Meiboku sendai hagi (Sandalwood and bush clover of Sendai: 伽羅先代萩) dramatized the intriques over succession within the Date clan of Sendai during the
third quarter of the seventeenth century. It was performed in an alternate sekai ("world" or theatrical setting: 世界), set back in time during the Onin civil war under the Ashikaga shogunate of the fifteenth century (Ashikaga thus becomes a theatrical substitute for the Date clan name). It is a classic play, so popular that during the Edo period it had
at least one performance nearly every year since its premiere in 1777. The fictionalized central story involved Lord Ashikaga Yorikane's forays into the pleasure quarter and his murder of the courtesan Takao (高尾). This episode is an amplification of an actual incident in which the twenty-one-year-old clan leader Date Tsunamune became the lover of the Yoshiwara courtesan Takao, causing a scandal that led to his downfall. Another story line involves Nikki Danjô (Yorikane's evil nephew), the orchestrator of a conspiracy
to overthrow Yorikane. The intrigue failed, however, and Nikki was
The giant ghostly rodent lurking behind the two protagonists is actually Nikki, who possess magical powers and
can transform himself into a rat. He is a prime example of an important role type known as jitsuaku ("real villains": 実悪) — unrepentantly evil samurai who plot to overthrow their lords. They are also referred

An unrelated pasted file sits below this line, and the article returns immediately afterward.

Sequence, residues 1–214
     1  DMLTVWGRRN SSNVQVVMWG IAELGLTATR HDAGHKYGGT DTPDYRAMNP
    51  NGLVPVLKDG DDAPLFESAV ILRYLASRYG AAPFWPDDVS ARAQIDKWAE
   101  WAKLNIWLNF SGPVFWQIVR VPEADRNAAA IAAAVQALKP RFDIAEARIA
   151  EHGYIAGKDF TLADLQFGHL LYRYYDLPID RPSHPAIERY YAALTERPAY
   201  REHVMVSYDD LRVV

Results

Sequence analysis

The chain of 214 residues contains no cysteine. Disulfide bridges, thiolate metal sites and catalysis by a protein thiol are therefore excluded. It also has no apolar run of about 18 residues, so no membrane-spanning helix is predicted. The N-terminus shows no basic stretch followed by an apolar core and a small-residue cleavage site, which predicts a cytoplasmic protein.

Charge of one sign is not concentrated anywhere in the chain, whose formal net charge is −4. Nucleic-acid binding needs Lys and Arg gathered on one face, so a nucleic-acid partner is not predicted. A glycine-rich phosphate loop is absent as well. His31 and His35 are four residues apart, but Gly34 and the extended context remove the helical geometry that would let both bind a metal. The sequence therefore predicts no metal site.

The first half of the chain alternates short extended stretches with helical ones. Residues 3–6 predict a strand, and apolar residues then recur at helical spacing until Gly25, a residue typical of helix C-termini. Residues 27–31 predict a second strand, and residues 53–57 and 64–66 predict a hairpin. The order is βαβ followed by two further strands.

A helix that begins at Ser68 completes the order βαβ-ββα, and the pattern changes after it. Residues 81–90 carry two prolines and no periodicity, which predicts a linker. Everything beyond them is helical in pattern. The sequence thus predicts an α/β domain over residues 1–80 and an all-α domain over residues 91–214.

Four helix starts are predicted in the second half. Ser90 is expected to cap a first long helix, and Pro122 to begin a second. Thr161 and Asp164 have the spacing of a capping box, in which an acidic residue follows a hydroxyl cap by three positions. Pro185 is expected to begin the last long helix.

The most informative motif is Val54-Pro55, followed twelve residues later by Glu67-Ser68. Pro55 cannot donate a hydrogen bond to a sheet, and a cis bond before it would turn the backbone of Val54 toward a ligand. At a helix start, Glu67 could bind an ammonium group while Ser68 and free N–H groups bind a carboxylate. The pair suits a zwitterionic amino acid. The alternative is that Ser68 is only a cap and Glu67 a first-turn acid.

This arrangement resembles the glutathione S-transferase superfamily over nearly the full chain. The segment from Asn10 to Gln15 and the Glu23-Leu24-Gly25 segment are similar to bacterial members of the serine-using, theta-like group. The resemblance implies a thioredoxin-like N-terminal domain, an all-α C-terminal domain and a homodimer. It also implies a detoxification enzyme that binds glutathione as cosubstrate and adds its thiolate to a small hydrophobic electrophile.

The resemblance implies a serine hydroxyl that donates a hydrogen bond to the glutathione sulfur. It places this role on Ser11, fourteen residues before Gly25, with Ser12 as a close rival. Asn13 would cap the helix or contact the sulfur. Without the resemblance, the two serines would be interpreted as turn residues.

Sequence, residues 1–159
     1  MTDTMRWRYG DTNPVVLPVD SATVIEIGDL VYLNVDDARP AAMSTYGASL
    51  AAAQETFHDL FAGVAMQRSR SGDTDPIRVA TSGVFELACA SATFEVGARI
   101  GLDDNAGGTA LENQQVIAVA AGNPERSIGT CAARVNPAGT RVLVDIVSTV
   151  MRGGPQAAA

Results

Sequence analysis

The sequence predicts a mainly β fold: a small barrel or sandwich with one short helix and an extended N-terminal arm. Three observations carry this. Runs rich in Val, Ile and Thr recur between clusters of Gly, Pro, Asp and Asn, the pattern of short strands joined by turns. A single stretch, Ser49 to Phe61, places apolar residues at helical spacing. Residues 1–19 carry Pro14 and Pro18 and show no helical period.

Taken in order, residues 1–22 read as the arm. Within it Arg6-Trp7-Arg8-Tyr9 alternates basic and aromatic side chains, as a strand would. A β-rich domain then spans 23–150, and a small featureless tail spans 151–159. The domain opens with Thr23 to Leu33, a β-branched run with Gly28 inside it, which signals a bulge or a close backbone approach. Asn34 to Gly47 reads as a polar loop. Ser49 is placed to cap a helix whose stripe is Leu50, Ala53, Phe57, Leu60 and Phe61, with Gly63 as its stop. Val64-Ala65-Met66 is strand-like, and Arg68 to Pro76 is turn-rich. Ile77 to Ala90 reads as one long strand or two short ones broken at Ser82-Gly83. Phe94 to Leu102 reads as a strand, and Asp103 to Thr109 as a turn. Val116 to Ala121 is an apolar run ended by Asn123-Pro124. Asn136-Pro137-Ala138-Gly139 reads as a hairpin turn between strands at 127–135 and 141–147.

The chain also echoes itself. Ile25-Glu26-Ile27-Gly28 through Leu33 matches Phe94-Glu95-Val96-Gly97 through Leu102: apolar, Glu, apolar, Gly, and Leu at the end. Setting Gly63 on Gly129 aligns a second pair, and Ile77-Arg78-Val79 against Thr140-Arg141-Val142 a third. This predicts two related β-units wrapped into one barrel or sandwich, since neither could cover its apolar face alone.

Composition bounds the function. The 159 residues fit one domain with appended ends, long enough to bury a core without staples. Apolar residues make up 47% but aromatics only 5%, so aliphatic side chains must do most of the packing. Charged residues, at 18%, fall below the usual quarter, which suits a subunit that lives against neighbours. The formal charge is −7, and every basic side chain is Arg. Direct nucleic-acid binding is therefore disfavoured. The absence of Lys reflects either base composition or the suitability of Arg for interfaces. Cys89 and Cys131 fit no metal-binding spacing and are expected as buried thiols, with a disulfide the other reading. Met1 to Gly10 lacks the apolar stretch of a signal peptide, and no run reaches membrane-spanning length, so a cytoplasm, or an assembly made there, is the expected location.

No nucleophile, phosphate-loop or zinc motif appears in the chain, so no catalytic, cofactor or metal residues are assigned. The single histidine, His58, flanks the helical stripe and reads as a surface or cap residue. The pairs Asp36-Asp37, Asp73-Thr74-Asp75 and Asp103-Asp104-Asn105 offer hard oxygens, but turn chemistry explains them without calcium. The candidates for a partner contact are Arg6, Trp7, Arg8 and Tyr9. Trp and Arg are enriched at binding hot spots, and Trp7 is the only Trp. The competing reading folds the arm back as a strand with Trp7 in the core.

to as kuni kuzushi ("demolisher of nations") to signify their intention to usurp an emperor's
throne or a daimyô's domain.
This is another example of a Hirosada design with a didactic or moralizing title (Kômei buyûden,
or "Tales of celebrated bravery") following the Tenpô Reforms (Tenpô kaikaku), edicts
that in 7/1842 banned actor prints in Osaka, virtually halting print production in Kamigata for five years. A gradual
weakening of enforcement ensued despite reiterations in 1844 and 1845 by the government of its intention to continue
the reforms, and by 1847 relatively normal print production had resumed, though printmakers remained cautious for nearly
a decade afterwards. Typical of this period, actor names have been omitted, although theater fans did not need inscribed
names to recognize their favorite stars.
This is one of Hirosada's more dramatic prints— particularly noteworthy is the effective contrast between the
saturated, colorful pigments of the two samurai and the pale gray washes of the rat.
References: IBKYS-IV, no. 85; WAS III-6, no. 58; KNP-6, p. 512; NKE, p. 396